Specialized S-Works Prevail II Vent helmet review: So much air

Unless you really feel the need to save those ten grams, this is the S-Works helmet to get

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The Specialized S-Works Prevail II helmet is already one of my favorite all-around road helmets. It’s lightweight, it’s exceptionally well ventilated, it fits well, it’s modestly aero, it looks good, and it’s even packed with MIPS SL pads and Specialized’s fancy ANGi crash sensor that works with a companion app to call for help if you crash and can’t call yourself. 

But if you already have a Prevail II and have ever felt like you needed even more airflow, Specialized has got you covered with the new S-Works Prevail II Vent helmet. It’s not massively different from the standard Prevail II, but it’s different enough, and in the right situation, that’s all some people will care about.

A nip here, a tuck there

If you hold the standard Prevail II next to this Prevail II Vent, there are far more similarities than differences. The shape and styling are so close to each other that most would struggle to distinguish between the two at first glance — and in fact, they appear to use the same polycarbonate microshell pieces. My small-sized CPSC-approved Prevail II Vent sample weighs just 252 g, which is exactly the same weight as the regular Prevail II. 

When you compare the standard Prevail II to the Vent variant, the differences become somewhat more obvious – as well as how similar the two helmets are, too.

Both helmets also use dual-density EPS foam liners, the same Mindset HairPort II height-adjustable retention system, the same thin-line straps with fixed splitters, the same MIPS SL padding. Both have five-star crash ratings from the lab at Virginia Tech.

At US$250 / AU$400 / £240 / €320, the retail price is the same too, but while the Prevail II Vent is also offered in three sizes, there aren’t quite as many color options.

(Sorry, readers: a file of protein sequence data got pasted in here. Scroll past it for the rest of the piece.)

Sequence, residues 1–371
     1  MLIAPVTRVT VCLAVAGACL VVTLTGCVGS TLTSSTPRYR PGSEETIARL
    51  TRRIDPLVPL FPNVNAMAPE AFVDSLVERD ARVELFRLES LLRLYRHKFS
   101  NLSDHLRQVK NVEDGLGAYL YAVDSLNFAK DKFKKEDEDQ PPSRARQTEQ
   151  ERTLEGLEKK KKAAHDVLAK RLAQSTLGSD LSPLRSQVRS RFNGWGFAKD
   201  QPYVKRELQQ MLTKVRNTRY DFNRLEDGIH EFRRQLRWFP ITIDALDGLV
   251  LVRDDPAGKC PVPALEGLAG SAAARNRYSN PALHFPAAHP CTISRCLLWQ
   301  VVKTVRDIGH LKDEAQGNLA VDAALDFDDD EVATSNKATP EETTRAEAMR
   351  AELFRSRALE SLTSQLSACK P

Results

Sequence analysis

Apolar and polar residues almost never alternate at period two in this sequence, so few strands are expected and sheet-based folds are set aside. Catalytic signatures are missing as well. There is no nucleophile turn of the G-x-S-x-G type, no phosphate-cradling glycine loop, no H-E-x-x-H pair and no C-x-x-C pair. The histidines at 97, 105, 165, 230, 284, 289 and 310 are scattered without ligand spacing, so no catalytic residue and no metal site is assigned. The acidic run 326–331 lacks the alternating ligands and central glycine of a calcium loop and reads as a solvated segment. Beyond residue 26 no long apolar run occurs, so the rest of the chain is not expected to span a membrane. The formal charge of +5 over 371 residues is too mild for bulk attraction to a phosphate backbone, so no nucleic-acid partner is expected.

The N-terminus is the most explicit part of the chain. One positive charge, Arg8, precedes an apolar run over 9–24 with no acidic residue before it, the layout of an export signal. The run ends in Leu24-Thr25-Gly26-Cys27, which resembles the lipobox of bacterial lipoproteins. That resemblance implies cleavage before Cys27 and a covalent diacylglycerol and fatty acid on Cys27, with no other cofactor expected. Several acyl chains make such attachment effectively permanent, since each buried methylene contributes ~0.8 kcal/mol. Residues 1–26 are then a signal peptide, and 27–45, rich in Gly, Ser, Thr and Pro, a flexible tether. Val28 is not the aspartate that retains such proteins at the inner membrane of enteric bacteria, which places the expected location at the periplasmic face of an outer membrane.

So what’s the big deal? 

If you look closer, you can see that Specialized has replaced seven of the Prevail II’s foam bridges with “robotically spun aramid ropes” that essentially turn 10 big vents into three absolutely monstrous ones. And because of how they’re arranged lengthwise across the top of the helmet, the idea here is that the airflow is even less restricted than it was before. 

Where there were once small “bridges” of EPS foam, there are now small “ropes” of aramid fiber.

Put into numbers, Specialized claims the S-Works Prevail II Vent has a “20% increase in vented areas” relative to the standard S-Works Prevail II (although I’m guessing that figure applies only when you consider the altered vent networks, not the helmet as a whole), and it also “moves air across your head 18% faster than the original Prevail II.”

In more straightforward terms, your head will supposedly feel cooler in this helmet than the standard Prevail II. Duh.

Ok, fine, it works better (I think)

Specialized sent my test sample of the S-Works Prevail II Vent a few weeks ago, and while the timing conveniently coincided with a pretty substantial warm-up here in Colorado, it’s still only early March and a far cry from true summertime weather. As a result, I can’t say with 100% certainty that this new helmet keeps my head cooler on a slow, sloggy climb when it’s brutally hot and sunny than the regular version. 

That said, even when I’ve swapped back and forth on more modestly warm days, it does genuinely feel like there’s more air passing through the Vent variant — which isn’t at all surprising given those newly unobstructed pathways. I wouldn’t characterize it as a dramatic difference, but I suppose when you’re bordering on heat exhaustion and still have 100 metres to go to the summit, every little bit helps. 

The airflow through the newly opened-up sections is as good as it looks like it would be.